Pfizer vaccine 85 percent effective after first dose, Israeli study finds

Getty Images

The Pfizer COVID-19 vaccine is 85 percent effective 15-28 days after just one dose, according to a new Israeli study, helping bolster the case for possibly delaying the second dose of vaccine to cover more people.

The study of health care workers at Sheba Medical Center in Israel, published in the journal The Lancet, found the vaccine was 85 percent effective in preventing symptomatic cases of COVID-19. When asymptomatic cases were included too, the figure was 75 percent.

Those are promising results for just one dose of the vaccine. The Pfizer clinical trials were conducted with a two-dose regimen, which found 95 percent effectiveness.

Some experts have been pushing for delaying the second dose in an effort to vaccinate more people faster. The United Kingdom has controversially adopted such a strategy.

A limitation of the study, though, is that it does not determine how long the protection from just one dose will last.

Some experts are also worried that providing a weaker vaccination of just one dose could allow dangerous variants of the virus to evolve to evade that lower level of protection. 

“Early reductions of COVID-19 rates provide support of delaying the second dose in countries facing vaccine shortages and scarce resources, so as to allow higher population coverage with a single dose,” the authors write in The Lancet. “Longer follow-up to assess long-term effectiveness of a single dose is needed to inform a second dose delay policy.”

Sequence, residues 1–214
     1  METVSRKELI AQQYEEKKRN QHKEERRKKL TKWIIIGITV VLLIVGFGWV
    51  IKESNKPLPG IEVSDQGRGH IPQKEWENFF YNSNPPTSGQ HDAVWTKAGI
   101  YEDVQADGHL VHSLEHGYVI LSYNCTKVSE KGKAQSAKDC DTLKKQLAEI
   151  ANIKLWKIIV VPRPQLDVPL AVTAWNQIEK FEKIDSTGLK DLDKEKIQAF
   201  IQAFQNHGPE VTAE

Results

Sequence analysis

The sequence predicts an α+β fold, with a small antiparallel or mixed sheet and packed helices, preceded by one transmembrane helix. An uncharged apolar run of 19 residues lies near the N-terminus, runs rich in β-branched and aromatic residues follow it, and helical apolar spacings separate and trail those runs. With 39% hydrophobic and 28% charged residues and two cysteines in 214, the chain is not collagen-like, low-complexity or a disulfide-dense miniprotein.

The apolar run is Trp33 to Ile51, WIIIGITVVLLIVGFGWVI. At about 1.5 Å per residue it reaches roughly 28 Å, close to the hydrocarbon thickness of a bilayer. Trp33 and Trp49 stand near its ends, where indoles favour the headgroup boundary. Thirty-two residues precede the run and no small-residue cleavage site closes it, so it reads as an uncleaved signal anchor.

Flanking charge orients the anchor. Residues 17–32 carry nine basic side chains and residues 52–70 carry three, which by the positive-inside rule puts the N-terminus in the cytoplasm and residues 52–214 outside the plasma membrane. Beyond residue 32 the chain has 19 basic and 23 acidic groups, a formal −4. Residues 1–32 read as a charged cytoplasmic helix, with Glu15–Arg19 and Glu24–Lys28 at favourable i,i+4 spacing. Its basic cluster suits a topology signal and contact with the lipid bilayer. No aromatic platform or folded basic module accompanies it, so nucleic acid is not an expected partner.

Anthony Fauci, the government’s top infectious disease expert, responded to the study at a White House press briefing Friday, saying he still thinks the U.S. should stick with a two-dose approach.

Fauci raised the concerns that it is unclear from the study how long the one-dose protection will last, and noted that the immune response is much stronger after the second dose, which also provides more cushion if the new variants of the virus erode the vaccine’s protection somewhat.

“The one thing we don’t know is how durable it is,” he said of one dose.

“The second dose is ten times higher in the sense of level of neutralizing antibodies,” he added.

—Updated at 12:48 p.m.

Tags Anthony Fauci Coronavirus Israel Pfizer Vaccine

The Hill has removed its comment section, as there are many other forums for readers to participate in the conversation. We invite you to join the discussion on Facebook and Twitter.

Most Popular

Load more


See all Video